Semi-Confirmatory Factor Analysis In lslx: Semi-Confirmatory Structural Equation Modeling via Penalized Likelihood or Least Squares

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In this example, we will show how to use lslx to conduct semi-confirmatory factor analysis. The example uses data HolzingerSwineford1939 in the package lavaan. Hence, lavaan must be installed.

Model Specification

In the following specification, x1 - x9 is assumed to be measurements of 3 latent factors: visual, textual, and speed.

model_fa <- "visual  :=> x1 + x2 + x3
textual :=> x4 + x5 + x6
speed   :=> x7 + x8 + x9
visual  :~> x4 + x5 + x6 + x7 + x8 + x9
textual :~> x1 + x2 + x3 + x7 + x8 + x9
speed   :~> x1 + x2 + x3 + x4 + x5 + x6
visual  <=> fix(1)* visual
textual <=> fix(1)* textual
speed   <=> fix(1)* speed"

The operator :=> means that the LHS latent factors is defined by the RHS observed variables. In particular, the loadings are freely estimated. The operator :~> also means that the LHS latent factors is defined by the RHS observed variables, but these loadings are set as penalized coefficients. In this model, visual is mainly measured by x1 - x3, textual is mainly measured by x4 - x6, and speed is mainly measured by x7 - x9. However, the inclusion of the penalized loadings indicates that each measurement may not be only influenced by one latent factor. The operator <=> means that the LHS and RHS variables/factors are covaried. If the LHS and RHS variable/factor are the same, <=> specifies the variance of that variable/factor. For scale setting, visual <=> fix(1) * visual makes the variance of visual to be zero. Details of model syntax can be found in the section of Model Syntax via ?lslx.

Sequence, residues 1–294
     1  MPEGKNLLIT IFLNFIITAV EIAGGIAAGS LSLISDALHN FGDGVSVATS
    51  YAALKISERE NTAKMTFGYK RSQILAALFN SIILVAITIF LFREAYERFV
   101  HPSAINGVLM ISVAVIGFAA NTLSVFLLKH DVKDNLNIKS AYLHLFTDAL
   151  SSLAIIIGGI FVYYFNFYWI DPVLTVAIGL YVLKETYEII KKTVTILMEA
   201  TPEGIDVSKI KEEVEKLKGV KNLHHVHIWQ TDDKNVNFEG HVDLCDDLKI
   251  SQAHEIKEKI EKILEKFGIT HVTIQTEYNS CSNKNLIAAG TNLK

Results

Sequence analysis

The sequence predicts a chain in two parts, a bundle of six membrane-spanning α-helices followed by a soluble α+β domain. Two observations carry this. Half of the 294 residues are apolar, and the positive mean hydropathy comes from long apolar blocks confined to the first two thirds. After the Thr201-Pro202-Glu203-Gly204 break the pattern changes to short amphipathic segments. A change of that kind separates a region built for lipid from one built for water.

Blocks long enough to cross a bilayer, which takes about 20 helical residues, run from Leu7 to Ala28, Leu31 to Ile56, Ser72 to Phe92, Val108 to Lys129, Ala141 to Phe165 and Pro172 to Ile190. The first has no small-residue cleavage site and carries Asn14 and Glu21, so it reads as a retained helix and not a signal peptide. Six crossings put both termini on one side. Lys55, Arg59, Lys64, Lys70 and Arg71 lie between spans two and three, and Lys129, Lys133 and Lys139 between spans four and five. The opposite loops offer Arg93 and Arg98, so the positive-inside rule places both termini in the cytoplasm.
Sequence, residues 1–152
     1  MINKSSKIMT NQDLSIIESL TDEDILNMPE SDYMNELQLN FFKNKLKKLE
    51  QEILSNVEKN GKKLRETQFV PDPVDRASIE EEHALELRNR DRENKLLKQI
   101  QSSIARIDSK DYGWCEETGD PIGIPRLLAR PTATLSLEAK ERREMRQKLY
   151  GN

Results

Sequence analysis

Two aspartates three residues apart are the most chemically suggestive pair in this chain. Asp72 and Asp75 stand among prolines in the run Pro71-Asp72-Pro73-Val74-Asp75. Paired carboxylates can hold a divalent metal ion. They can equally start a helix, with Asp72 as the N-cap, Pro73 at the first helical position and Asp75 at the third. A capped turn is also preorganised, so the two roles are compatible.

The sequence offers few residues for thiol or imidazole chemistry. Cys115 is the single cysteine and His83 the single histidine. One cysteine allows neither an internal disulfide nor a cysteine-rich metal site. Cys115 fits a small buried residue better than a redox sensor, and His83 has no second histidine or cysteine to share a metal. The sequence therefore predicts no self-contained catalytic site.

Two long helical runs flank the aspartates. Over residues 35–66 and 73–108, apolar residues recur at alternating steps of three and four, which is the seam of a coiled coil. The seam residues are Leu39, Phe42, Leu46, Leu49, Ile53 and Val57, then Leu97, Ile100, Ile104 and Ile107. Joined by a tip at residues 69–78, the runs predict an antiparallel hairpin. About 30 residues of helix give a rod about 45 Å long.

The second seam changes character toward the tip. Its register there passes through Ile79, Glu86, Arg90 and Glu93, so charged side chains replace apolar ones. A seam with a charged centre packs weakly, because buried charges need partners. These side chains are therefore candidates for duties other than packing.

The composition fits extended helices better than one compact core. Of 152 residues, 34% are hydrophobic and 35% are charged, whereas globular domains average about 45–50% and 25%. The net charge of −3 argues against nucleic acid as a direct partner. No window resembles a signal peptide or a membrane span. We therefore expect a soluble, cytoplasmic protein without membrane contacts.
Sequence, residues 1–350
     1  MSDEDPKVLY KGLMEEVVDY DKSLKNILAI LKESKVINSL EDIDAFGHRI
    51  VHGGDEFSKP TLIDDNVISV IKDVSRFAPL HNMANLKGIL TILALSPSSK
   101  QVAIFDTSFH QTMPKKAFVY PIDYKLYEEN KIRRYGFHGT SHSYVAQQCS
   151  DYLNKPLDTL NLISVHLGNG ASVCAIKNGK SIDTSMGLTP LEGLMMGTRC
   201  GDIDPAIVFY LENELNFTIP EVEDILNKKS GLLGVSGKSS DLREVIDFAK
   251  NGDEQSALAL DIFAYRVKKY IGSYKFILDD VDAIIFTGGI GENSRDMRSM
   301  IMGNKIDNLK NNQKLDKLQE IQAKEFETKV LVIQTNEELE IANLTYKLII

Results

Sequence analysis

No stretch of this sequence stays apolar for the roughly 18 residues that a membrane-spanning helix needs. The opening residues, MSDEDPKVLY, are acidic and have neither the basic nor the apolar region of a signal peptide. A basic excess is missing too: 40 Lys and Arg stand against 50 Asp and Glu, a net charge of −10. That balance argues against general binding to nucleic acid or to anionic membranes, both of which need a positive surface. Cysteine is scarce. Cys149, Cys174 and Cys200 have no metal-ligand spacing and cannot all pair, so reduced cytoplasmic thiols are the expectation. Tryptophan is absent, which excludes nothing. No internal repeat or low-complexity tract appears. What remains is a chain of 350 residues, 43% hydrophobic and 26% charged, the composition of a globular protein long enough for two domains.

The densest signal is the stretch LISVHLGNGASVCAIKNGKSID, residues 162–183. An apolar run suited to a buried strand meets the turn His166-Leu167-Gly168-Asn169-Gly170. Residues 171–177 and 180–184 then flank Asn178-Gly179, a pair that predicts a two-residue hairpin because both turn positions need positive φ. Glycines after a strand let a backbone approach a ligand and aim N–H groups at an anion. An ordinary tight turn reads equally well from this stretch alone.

Object Initialization

lslx is written as an R6 class. Every time we conduct analysis with lslx, an lslx object must be initialized. The following code initializes an lslx object named lslx_fa.

library(lslx)
lslx_fa <- lslx\$new(model = model_fa, data = lavaan::HolzingerSwineford1939)

Here, lslx is the object generator for lslx object and \$new() is the build-in method of lslx to generate a new lslx object. The initialization of lslx requires users to specify a model for model specification (argument model) and a data to be fitted (argument sample_data). The data set must contain all the observed variables specified in the given model. In is also possible to initialize an lslx object via sample moments (see vignette("structural-equation-modeling")).

To see the model specification, we may use the \$extract_specification() method.

lslx_fa\$extract_specification()

The row names show the coefficient names. The most two relevant columns are type which shows the type of the coefficient and start which gives the starting value. In lslx, many extract related methods are defined. extract related methods can be used to extract quantities stored in lslx object. For details, please see the section of Extract-Related Methods via ?lslx.

Model Fitting

After an lslx object is initialized, method \$fit() can be used to fit the specified model to the given data.

lslx_fa\$fit(penalty_method = "mcp",
lambda_grid = seq(.01, .60, .01),
delta_grid = c(1.5, 3.0, Inf))

The fitting process requires users to specify the penalty method (argument penalty_method) and the considered penalty levels (argument lambda_grid and delta_grid). In this example, the mcp penalty is implemented on the lambda grid seq(.01, .60, .01) and delta grid c(1.5, 3, Inf). Note that in this example lambda = 0 is not considered because it may result in unidentified model. All the fitting result will be stored in the fitting field of lslx_fa.